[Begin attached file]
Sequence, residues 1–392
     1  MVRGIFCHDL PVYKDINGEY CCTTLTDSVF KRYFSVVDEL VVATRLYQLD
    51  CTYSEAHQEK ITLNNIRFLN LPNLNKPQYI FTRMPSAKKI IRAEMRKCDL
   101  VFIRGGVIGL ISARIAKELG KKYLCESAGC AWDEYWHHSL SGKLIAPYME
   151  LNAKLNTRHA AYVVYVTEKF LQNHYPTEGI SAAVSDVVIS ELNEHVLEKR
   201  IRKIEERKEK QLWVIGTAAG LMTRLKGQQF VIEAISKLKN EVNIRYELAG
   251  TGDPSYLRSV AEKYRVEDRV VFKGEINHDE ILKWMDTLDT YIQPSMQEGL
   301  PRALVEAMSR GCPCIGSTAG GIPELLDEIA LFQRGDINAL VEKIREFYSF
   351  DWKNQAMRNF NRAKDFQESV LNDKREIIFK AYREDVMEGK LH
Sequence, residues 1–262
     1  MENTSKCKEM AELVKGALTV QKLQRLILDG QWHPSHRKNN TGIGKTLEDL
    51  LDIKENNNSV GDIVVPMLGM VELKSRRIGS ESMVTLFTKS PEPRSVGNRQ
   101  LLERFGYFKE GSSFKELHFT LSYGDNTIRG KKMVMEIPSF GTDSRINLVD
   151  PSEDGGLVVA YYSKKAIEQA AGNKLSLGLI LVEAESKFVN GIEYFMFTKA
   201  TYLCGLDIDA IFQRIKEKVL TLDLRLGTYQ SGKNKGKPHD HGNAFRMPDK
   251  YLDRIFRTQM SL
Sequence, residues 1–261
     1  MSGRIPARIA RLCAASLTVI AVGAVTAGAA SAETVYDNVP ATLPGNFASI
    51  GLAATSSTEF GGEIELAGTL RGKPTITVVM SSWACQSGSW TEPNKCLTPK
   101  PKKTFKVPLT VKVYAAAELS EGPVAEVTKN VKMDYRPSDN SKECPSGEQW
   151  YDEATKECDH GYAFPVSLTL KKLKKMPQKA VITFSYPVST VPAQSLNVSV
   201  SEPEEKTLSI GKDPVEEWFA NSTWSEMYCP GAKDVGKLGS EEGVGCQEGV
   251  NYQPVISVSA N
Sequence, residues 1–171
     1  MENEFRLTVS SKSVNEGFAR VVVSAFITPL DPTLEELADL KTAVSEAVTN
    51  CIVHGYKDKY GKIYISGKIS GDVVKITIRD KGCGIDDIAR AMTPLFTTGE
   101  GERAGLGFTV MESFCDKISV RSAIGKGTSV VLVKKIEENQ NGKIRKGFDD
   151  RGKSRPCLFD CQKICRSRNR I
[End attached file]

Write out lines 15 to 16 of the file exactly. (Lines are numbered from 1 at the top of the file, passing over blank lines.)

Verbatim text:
   201  TYLCGLDIDA IFQRIKEKVL TLDLRLGTYQ SGKNKGKPHD HGNAFRMPDK
   251  YLDRIFRTQM SL